It's possible all these of these belonged to the same woman- they are almost exactly the same size and from around the same time period and seem to share a certain style- fun, exuberant, and very stylish. It's a very romantic idea! Now I just need to work on some new collars for them and figure out when I can wear them.

February 28, 2015

Valentines Weekend Ikebana + a Date in Kimono

Ping Wei created this as we watched. The black vertical stripe is not part of the arrangement.

My last blog post mentioned Ping Wei, the Ikebana and ceramic artist from Phoenix- well, I finally got to take a class from him on Feb. 15th. He teaches Sogetsu Ikebana near my home once a month. It was very mysterious and fun and since it was at the local Japanese garden, it became a kimono-wearing opportunity. I even have a kappogi apron for the classes. I wore a basic komon with a hanhaba obi- an everyday look appropriate for the class. The great thing is, Mr. Wei saw nothing wrong with me wearing kimono- seemed normal to him.
Brand new, comfortable zori!
He brought lots of flowering peach or plum branches that were just budding, pink delphinium, tiny yellow mums, and large pinky-purple mums. We were to create free-style arrangements in vases we brought. I learned that free-style does have some rules! The challenge was dealing with the large branches- after awhile, it looked like a tree had exploded in the classroom. I did really well; maybe it was beginners luck? I was the only student that didn't need their arrangement corrected during the critique. I think I will try another class on March 15th. It is a challenging art form.

Mr. Wei critiquing our arrangements
My arrangement! 
After the class, I walked out into the garden to appreciate the changes in the season. I saw some spring flowers blooming and the recent rain was causing everything to wake up from winter a bit early it seemed.

After class, I went home, my brain full of new information. I was starving, so my husband suggested we go out- a post-Valentine's Day late lunch. (We missed going on Saturday). 
I was still in kimono, so I decided to keep it on. We went for pizza and wine at a local shopping area- one that happens to have really beautiful architecture. We sat on the patio, sipping wine. Afterwards, we got some gelato. My husband took some photos of me afterwards as the sun was starting to set. 

Of course by this time, I had been wearing a kimono for about 6 hours, so my obijime looks a little messy, but who cares? I wore this new rust red hitoe komon- very comfortable. It's probably wool or a wool-blend. It was overcast but actually in the low 70's. The obi is a wonderful cream and gold hanhaba obi. I added the navy polka-dot obijime at the last minute to dress up the obi.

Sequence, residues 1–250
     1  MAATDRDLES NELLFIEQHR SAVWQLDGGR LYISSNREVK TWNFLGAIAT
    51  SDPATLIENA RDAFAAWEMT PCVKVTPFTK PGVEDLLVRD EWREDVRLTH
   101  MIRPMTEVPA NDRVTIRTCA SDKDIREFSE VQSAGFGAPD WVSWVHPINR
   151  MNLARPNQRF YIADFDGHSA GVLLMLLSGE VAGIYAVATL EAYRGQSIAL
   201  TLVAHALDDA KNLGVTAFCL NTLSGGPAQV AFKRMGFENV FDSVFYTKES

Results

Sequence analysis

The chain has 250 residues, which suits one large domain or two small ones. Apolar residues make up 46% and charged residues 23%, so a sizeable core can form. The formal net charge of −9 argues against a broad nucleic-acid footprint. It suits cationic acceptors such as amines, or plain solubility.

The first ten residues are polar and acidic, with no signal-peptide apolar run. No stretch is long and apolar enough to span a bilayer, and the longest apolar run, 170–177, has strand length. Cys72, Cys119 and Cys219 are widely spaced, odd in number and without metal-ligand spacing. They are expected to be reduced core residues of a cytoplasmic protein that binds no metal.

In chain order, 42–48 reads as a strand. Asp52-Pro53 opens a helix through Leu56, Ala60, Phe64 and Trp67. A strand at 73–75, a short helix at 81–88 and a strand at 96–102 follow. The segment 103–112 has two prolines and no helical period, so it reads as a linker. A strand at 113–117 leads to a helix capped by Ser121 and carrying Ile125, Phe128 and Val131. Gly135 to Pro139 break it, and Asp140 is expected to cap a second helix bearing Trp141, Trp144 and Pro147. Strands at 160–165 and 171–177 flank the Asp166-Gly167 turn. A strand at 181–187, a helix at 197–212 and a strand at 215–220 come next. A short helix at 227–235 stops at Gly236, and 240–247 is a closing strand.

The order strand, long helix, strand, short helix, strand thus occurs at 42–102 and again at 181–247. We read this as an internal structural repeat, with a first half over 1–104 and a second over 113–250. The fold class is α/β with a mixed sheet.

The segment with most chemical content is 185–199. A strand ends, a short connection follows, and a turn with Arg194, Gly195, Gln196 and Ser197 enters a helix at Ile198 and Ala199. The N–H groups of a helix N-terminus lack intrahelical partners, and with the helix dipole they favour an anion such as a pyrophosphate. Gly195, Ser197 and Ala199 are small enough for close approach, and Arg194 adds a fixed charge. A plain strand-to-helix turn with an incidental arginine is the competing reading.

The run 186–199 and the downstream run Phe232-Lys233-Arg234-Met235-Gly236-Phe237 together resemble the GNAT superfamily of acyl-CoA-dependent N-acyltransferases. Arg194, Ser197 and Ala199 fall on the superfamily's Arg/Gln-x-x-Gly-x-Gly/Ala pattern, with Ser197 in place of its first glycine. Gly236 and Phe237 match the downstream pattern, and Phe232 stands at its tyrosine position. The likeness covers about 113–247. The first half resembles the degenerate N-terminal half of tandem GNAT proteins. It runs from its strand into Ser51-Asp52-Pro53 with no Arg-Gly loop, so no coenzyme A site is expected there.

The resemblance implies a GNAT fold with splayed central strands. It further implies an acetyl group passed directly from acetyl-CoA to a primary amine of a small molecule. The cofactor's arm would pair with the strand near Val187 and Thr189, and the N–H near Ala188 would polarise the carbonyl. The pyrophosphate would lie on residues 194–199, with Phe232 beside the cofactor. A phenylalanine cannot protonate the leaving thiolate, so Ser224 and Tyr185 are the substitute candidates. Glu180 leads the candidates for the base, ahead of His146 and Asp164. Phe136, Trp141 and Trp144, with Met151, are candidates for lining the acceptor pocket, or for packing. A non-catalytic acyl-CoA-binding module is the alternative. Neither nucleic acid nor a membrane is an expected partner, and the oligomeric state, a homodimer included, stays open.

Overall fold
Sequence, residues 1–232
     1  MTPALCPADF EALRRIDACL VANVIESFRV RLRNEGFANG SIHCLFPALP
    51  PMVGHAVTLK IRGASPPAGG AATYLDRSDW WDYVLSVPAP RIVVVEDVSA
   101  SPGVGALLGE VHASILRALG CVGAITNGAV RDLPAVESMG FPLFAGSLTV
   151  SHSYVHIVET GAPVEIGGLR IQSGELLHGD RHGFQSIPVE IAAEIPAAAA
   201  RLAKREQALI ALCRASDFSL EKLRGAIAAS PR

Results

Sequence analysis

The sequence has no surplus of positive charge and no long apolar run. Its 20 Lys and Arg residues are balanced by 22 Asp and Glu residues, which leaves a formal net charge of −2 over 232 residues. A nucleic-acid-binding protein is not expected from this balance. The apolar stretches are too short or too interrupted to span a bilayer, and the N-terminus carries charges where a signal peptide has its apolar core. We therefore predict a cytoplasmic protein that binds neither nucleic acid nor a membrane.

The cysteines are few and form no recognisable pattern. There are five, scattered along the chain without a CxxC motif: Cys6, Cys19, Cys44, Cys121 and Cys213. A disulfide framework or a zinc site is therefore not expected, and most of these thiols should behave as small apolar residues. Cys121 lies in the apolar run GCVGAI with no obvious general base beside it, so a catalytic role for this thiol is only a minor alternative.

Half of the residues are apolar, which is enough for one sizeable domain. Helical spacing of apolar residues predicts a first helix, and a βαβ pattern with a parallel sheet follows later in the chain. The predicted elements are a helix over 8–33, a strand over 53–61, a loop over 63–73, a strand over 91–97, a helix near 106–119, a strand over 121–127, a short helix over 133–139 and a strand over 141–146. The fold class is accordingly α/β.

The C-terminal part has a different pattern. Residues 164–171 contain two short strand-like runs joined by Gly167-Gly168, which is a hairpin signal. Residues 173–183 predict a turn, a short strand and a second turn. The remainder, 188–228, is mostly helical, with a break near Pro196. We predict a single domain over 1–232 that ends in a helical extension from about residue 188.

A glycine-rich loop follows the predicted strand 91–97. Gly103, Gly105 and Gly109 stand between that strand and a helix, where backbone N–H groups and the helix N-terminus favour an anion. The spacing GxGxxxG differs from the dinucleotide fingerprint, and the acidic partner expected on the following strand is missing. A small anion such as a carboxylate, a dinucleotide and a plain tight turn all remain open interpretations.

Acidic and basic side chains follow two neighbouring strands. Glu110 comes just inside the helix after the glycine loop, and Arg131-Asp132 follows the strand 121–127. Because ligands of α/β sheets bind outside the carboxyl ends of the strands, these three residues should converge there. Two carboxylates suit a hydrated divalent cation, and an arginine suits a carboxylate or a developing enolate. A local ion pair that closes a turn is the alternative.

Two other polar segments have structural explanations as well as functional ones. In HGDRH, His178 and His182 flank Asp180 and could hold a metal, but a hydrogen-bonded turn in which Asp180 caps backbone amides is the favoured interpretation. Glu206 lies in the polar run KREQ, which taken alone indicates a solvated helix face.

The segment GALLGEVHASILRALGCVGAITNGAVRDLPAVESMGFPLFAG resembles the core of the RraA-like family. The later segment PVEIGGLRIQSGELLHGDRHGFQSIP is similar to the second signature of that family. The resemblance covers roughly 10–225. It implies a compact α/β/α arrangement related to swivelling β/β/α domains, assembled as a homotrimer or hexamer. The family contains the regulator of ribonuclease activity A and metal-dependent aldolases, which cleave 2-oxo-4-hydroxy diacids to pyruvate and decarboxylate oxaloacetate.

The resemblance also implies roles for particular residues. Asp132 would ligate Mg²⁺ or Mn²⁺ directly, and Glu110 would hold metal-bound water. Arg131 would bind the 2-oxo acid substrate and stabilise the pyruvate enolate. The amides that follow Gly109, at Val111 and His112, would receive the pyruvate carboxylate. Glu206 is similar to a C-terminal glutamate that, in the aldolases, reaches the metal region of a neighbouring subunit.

Next kimono-wearing event will be last weekend's Phoenix Matsuri! I'm still going through all of  the photos, so look for a post very soon.

January 19, 2015

Gallery Opening: Ping Wei, Ceramics for Ikebana

Last night I went to a gallery opening of beautiful ceramic ikebana vessels by Phoenix ikebana (Sogetsu School) and ceramic artist Ping Wei. It was held at Yume Japanese Gardens. I had seen Ping Wei's work in Phoenix and was delighted to discover his show so close to home.

It was a nice event, very intimate, with people were spilling out into the lantern-lit patio for wine and Pellegrino water. I was the only one in kimono as usual, but I'm getting used to it now and people are starting to get to know me.

The show is really wonderful- the ceramic vases work without flowers.  He did have a few arrangements- the one in the gallery was my favorite- freestyle in an extraordinary vase that looked like mountains to me.
Big free-style arrangement

The kimono I wore to the event was chosen to work with the season, month, and weather as much as possible. It was sunny and 70 F when I left the house at about 4:45 pm. It's a white komon with orange seigaiha (waves) and big patches of faux-shibori. I dressed up the everyday-style kimono with a heavy brocade karabana (Chinese flower) pattern Nagoya obi with red shibori obiage and dark green obijime. I was going for light, bright colors in an almost monochrome palette to suggest spring and well as celebrate January (New Year) with an auspicious pattern that is supposed to be lucky. I took a richly-patterned orange and yellow haori with me for after dark.

Before I left, my husband took some photos of me in the yard on top of our giant flagstones. The weather was perfect- not like winter at all!
Waiting for someone to serve me tea?

Detail of obi and kimono
At the gallery next to one of Ping's vases. The scroll is by Yoshi Nakano.
I was so enamored with Ping Wei's work, I decided to sign up for one of his ikebana classes. He teaches them once a month at Yume. Maybe I will wear kimono- if I can find a kappogi (Japanese apron) to wear over it!